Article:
M.F.: I think Bush can sneak into the low-end No. 1 running back tier in PPR leagues, as the offense of coordinator Scott Linehan will produce a lot of pass-catching opportunities out of the backfield. That was evident last season, as the little-known Joique Bell hauled in 52 receptions. If we are talking about standard leagues, however, I couldn't promote Bush as more than a No. 2 running back. Keep in mind that he won't be a featured runner with Mikel Leshoure in the mix. In fact, Leshoure is a good bet to see more than his share of short-yardage and goal-line work. Another thing that worries me about Bush is that he's going back to playing at least half of his games on artificial turf. Sure, he avoided major injuries in his last two seasons in Miami, but his home games were all on grass. Let's hope for Bush's sake and ours that his knee issues don't re-emerge now that he's playing on a harder surface.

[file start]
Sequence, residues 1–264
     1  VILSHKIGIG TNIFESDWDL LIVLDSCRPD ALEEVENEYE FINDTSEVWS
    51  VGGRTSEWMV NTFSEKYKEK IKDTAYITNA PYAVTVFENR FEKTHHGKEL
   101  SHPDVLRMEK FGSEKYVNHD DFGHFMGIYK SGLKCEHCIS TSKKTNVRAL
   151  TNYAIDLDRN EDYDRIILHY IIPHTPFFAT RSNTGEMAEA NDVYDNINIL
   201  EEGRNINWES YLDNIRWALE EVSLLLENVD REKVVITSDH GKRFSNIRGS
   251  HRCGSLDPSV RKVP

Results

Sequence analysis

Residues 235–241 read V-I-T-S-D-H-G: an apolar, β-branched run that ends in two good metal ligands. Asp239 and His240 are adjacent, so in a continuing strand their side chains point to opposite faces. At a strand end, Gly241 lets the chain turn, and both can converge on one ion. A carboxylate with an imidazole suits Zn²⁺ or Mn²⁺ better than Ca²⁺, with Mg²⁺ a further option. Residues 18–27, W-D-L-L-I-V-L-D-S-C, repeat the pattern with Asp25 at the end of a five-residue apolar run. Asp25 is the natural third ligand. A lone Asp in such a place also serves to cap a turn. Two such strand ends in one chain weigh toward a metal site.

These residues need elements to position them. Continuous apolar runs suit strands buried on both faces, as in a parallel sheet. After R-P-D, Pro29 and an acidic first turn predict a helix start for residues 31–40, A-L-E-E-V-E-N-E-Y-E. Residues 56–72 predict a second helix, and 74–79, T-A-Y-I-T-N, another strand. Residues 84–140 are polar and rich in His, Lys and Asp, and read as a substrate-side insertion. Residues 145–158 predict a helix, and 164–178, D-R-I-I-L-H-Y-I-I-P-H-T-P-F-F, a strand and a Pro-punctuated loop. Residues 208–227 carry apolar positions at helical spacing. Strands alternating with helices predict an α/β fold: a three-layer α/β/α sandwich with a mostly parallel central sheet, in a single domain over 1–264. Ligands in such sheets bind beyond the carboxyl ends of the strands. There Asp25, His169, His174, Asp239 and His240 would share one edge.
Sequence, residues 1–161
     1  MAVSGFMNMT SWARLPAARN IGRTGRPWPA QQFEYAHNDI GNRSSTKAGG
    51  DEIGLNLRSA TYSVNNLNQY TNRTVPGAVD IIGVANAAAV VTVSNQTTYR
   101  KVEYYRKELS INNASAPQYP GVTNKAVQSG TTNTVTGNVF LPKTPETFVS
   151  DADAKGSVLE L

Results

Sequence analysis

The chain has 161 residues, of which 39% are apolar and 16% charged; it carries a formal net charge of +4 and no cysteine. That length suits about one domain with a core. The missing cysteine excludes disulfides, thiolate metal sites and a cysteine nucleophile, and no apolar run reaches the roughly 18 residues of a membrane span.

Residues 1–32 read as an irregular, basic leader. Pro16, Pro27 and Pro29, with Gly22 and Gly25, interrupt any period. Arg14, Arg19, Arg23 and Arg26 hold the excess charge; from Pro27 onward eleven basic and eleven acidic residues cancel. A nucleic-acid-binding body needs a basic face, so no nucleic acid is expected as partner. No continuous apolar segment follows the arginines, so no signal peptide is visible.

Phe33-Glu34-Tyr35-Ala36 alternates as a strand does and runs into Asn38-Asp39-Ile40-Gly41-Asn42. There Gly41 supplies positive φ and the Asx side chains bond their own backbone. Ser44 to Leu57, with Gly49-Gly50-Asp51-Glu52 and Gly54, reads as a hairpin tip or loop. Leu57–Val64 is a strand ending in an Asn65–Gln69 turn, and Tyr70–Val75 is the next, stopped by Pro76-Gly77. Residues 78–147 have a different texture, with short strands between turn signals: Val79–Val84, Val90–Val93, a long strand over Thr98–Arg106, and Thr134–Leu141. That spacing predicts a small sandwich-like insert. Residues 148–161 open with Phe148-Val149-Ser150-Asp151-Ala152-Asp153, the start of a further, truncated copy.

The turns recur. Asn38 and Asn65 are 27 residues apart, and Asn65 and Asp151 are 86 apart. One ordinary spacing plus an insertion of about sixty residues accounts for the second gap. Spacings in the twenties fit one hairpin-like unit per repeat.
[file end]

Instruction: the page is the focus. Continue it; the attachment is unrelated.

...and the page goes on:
M.F.: Before I answer, let me tell everyone out there that if I end up with Peterson in any of the eight or 10 fantasy football leagues I'll be in next season, well, I'll be thrilled. He's coming off the best statistical campaign of his career and was the top-scoring runner based on fantasy points. With that in mind, I still prefer Foster for several reasons. First, I just don't see Peterson rushing for 2,000-plus yards or scoring over 300 fantasy points in back-to-back seasons. Second, Peterson's fantasy point totals had declined in three straight years heading into 2012. During that time, he averaged 235.76 points in standard scoring leagues. Now let's take a look at Foster. He has scored a high of 262.10 points (2012), a low of 239.00 points (2010) and has averaged 250.40 points since 2010 -- that is the epitome of consistent production. I also think Foster has a better chance to duplicate his 2012 totals than Peterson, who also has a much tougher schedule ahead compared to Foster. Again, I'd love to have a superstar like Peterson in 2013, and you can't go wrong with either runner. I just think Foster has the slight edge.